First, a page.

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Madison Chock, Evan Bates Soar to Third Title at U.S. Figure Skating Championships

by Lynn Rutherford

Madison Chock and Evan Bates celebrate in the Kiss & Cry after skating in the Free Dance during the U.S. Figure Skating Championships on Jan. 8, 2022 in Nashville, Tennessee.


NASHVILLE, Tenn. — In a tight decision fitting the decade’s long rivalry between the two teams, Madison Chock and Evan Bates edged Madison Hubbell and Zachary Donohue by less than two points Saturday to win their third ice dance title at the 2022 U.S. Figure Skating Championships.

“We’ve won the national championship again, against some of the toughest competitors we’ve ever faced, year after year after year,”  said Bates, 32, nodding to Hubbell and Donohue. “We really had to work hard for it. The training, the preparation — we needed all of it because it wasn’t easy and it wasn’t necessarily the best performance we dreamt up today, but the hard work we put in showed up.”

In essence, the title was decided by Friday’s rhythm dance. Chock and Bates led their rivals by 2.55 points after Hubbell and Donohue made minor mistakes on twizzles and a step sequence.

Hubbell and Donohue prevailed in the free dance, but couldn’t overcome the deficit. Chock and Bates finished with 227.37 points for the gold, while Hubbell and Donohue took the silver with 225.59.

“Being honest with ourselves, coming into tonight, we knew we would not be able to win the national championships against the competitors we have with a bad skate (in the rhythm dance),” said Hubbell, 30. “We couldn’t make up the 2½.”

On Saturday, both teams delivered near-perfect performances of dramatically different free dances.

Hubbell and Donohue’s program, a sensitive, lyrical routine set to Anne Sila’s “Drowning,” showed off the couple’s greatest strengths: power, speed, and superb ice coverage.

Skating to music from Daft Punk, Chock and Bates’ free dance portrayed an astronaut and alien’s relationship as it deepens and grows into love. Their superb lifts, considered among the finest in the world, were on full display.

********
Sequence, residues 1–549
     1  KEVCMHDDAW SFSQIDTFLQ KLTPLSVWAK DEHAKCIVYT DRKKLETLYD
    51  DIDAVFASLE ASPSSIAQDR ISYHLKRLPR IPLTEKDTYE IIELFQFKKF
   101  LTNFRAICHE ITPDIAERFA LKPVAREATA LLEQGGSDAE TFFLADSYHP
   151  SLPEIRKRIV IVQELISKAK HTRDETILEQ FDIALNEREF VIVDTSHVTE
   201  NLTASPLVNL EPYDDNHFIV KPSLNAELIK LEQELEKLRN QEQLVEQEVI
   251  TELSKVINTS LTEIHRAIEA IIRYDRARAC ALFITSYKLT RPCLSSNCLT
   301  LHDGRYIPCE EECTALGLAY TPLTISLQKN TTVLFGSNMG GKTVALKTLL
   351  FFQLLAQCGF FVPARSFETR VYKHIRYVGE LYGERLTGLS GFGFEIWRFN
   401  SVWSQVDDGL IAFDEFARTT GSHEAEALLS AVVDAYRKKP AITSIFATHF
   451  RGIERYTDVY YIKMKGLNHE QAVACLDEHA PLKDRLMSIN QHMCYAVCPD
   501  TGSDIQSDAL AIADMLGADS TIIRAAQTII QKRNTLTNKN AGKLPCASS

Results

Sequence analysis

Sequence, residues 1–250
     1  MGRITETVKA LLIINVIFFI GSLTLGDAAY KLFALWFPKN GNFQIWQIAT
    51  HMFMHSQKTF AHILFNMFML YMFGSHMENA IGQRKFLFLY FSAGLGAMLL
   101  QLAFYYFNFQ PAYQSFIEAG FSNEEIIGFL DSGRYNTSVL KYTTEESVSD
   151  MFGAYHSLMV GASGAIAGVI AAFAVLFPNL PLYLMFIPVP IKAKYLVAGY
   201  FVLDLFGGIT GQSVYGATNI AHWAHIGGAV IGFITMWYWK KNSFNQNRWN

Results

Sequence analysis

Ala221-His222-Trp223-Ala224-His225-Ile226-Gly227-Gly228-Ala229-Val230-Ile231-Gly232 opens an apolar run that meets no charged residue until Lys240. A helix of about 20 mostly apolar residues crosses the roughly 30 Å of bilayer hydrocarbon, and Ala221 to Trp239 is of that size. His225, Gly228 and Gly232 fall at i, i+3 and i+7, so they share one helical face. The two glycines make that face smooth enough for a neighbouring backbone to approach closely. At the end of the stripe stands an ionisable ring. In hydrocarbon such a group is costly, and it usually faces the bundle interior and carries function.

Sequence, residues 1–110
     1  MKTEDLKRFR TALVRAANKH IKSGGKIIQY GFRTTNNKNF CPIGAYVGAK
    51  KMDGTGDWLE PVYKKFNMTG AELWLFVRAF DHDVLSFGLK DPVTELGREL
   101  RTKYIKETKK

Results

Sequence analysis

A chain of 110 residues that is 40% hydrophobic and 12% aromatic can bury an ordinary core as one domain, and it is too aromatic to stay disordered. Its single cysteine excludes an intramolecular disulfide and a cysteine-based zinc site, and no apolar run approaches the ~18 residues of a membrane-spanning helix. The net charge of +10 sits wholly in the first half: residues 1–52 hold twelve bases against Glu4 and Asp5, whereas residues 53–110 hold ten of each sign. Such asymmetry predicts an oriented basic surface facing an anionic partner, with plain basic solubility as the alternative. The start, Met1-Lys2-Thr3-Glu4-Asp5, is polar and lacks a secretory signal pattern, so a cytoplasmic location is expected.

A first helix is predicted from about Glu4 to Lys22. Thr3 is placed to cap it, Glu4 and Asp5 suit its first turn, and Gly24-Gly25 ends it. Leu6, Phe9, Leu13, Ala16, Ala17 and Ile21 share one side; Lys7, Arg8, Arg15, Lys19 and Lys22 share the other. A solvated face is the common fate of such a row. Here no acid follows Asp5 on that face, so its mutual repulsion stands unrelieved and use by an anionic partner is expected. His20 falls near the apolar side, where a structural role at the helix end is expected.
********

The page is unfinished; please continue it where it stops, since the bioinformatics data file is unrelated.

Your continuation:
“The core of our program is about finding love and acceptance in someone different than you,” said Chock, 29. “As we go to the (Beijing) Games next month, we just want to remind everyone that you can find love with someone that is different than you, and from a different place.”

Both couples made their debuts in the 2011-12 season after long careers with other partners, and battled each other for medals ever since. Beginning in 2018, they have trained together in Montreal.

Hubbell and Donohue have announced this is their final competitive season, so the rivalry ends in a 3-3 tie as far as the U.S. Championships: Chock and Bates won in 2015, 2020 and 2022, while Hubbell and Donohue took the honors in 2018-19 and 2021.

“The fact that we are both going to the Games with three U.S. titles is somehow poetic,” Hubbell said. “We grew up next to each other, we’re always pushing each other, we always have the other (team) right on our heels.”

The third U.S. team training in Montreal, Kaitlin Hawayek and Jean-Luc Baker, recovered from a disappointing program Friday to perform a captivating free dance to Chopin selections. The skaters won their fourth straight bronze medal with 205.68 points.

“This means so much to us, it has not been a straight journey for us over the last four years and especially the last six months,” said the 25-year-old Hawayek, whose training concussion this summer forced the team to withdraw from several events.

Rachel Green and Michael Parsons, third after the rhythm dance, placed fourth overall with 203.27 points.

On Sunday, U.S. Figure Skating will announce the three teams, plus alternates, it is sending to the Beijing Olympics, with the top three finishers at the U.S. Championships likely to have their tickets punched.

Lynn Rutherford is a sportswriter based out of New York. She is a freelance contributor to on behalf of Red Line Editorial, Inc.
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